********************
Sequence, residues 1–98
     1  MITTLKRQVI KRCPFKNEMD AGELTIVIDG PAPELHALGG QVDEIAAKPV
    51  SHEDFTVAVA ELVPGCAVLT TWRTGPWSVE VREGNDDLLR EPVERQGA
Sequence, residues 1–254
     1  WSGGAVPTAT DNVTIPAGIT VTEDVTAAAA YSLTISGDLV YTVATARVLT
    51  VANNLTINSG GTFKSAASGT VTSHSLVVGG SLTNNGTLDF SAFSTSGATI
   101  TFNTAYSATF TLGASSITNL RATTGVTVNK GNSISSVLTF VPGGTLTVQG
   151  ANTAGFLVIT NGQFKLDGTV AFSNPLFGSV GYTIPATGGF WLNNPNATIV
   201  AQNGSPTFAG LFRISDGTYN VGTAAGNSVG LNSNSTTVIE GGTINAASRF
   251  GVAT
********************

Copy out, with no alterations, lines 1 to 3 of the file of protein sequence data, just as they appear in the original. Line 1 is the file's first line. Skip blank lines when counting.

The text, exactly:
Sequence, residues 1–98
     1  MITTLKRQVI KRCPFKNEMD AGELTIVIDG PAPELHALGG QVDEIAAKPV
    51  SHEDFTVAVA ELVPGCAVLT TWRTGPWSVE VREGNDDLLR EPVERQGA